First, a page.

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University College of Syracuse University is located on the Syracuse University campus at 700 University Avenue. It is easily accessible from downtown Syracuse, Route 81, and Interstate 690.
Every year, the Thursday before the Syracuse University Commencement ceremony in the Dome, University College conducts a Convocation and Commencement Celebration for its part-time undergraduates who will be receiving diplomas that year.
Choose from more than two hundred degrees at Syracuse University, with bachelor’s degree, associate degree, master’s degree, and Ph.D. options. A number of certificate programs that provide a valuable credential for career advancement are also available through the schools and colleges.
Thousands of courses are offered each semester at SU. View a full listing of them at MySlice.syr.edu, where you can search by subject, session, or mode of instruction.
You may be determined to finish a degree you started years ago but never completed. Or maybe you never went to college but find yourself limited in your employment options and unfulfilled in your career aspirations. We welcome you and your goal to study part-time at Syracuse University.
Part-time students can earn a bachelor’s degree, associate degree or certificate from Syracuse University in a wide range of majors and disciplines. Find the program that works for you.
Once you’ve been admitted to University College, you’ll need to choose your classes and register for them. It’s best to get started early – some classes fill quickly and you don’t want to get closed out of the ones you need for your degree program.
Keep an updated copy of the academic calendar, and highlight the dates and deadlines. It is imperative that you meet all deadlines for registration, dropping or adding a class, applying for financial aid, etc.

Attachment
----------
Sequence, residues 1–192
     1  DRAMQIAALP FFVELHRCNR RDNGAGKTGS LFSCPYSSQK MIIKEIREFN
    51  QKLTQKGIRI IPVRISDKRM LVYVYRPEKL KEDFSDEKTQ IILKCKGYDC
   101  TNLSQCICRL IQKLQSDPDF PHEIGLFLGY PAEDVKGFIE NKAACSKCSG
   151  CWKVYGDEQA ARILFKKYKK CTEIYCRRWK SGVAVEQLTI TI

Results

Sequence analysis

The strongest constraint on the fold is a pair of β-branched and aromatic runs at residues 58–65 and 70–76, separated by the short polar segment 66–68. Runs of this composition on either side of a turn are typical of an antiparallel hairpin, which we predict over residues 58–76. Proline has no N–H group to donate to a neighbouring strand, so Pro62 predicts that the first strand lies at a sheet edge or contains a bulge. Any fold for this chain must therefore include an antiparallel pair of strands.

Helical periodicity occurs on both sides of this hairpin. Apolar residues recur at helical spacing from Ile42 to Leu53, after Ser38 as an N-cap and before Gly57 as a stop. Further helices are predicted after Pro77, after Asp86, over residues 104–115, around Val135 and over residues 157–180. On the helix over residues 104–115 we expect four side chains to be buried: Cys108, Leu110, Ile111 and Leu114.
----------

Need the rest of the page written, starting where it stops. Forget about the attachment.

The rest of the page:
All students requesting financial aid must complete a Free Application for Federal Student Aid (FAFSA) each academic year. Additional requirements for completing financial aid applications depend on which type of aid applicant you are.
University College offers a number of scholarships and grants for need-based and merit-based students, and student veterans.
Mary Gilmore Smith ’29 G ’38 has the longest and largest giving history of any annual donor to the Eta Pi Upsilon Endowed Scholarship Fund at Syracuse University. Gilmore died Saturday, January 18, 2014 at the age of 106. During her tenure at Syracuse University—as a student, employee, alumnus, and donor—she served on many committees and held numerous leadership positions within the University.
Gilmore devoted countless hours of service to others—especially as an advocate for women. In fact, she was the first vocational counselor of women at SU. While serving as social director and acting dean of summer sessions (1938-1941), she was made an honorary member of Eta Pi Upsilon, the undergraduate women’s honorary society. During her tenure as an academic counselor to women students at University College, she and colleague Nancy Callahan Gelling started the Eta Pi Scholarship Program, which provides financial assistance to women studying part time at SU.
In 1940, Gilmore married Edward Allen Smith, a faculty member in SU’s business school. In keeping with SU’s policy that prohibited spouses to be employed by the University, she stepped down from her position when she married. Smith returned to SU in 1956 and served as assistant to the dean of human development (HSHP) and as an instructor. From 1963-1972 Gilmore was a counselor in the women’s center at University College. Upon her retirement in 1972, she worked for 18 years as director of RSVP for the Volunteer Center in Syracuse.
Among the many recognitions she received, Gilmore was awarded the Chancellor’s Citation and Melvin Eggers Senior Alumni Award (1994) and the Ollie Owen Award for Outstanding Community Service from RSVP (2000). In 2004, she was inducted into the archives of the Women’s Hall of Fame in Seneca Falls.
Surviving are her daughter, Elizabeth Smith Hakanson of Syracuse, numerous grandchildren, and several generations of nieces and nephews. A memorial service will be held at a later date at Plymouth Congregational Church in Syracuse.